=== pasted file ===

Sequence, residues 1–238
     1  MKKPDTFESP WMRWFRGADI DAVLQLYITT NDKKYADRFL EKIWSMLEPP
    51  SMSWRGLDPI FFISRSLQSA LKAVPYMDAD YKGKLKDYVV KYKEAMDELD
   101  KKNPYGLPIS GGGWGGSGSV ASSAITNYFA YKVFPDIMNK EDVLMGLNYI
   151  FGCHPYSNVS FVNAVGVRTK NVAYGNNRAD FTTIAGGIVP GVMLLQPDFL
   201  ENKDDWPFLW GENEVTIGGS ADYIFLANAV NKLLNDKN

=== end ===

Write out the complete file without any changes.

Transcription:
Sequence, residues 1–238
     1  MKKPDTFESP WMRWFRGADI DAVLQLYITT NDKKYADRFL EKIWSMLEPP
    51  SMSWRGLDPI FFISRSLQSA LKAVPYMDAD YKGKLKDYVV KYKEAMDELD
   101  KKNPYGLPIS GGGWGGSGSV ASSAITNYFA YKVFPDIMNK EDVLMGLNYI
   151  FGCHPYSNVS FVNAVGVRTK NVAYGNNRAD FTTIAGGIVP GVMLLQPDFL
   201  ENKDDWPFLW GENEVTIGGS ADYIFLANAV NKLLNDKN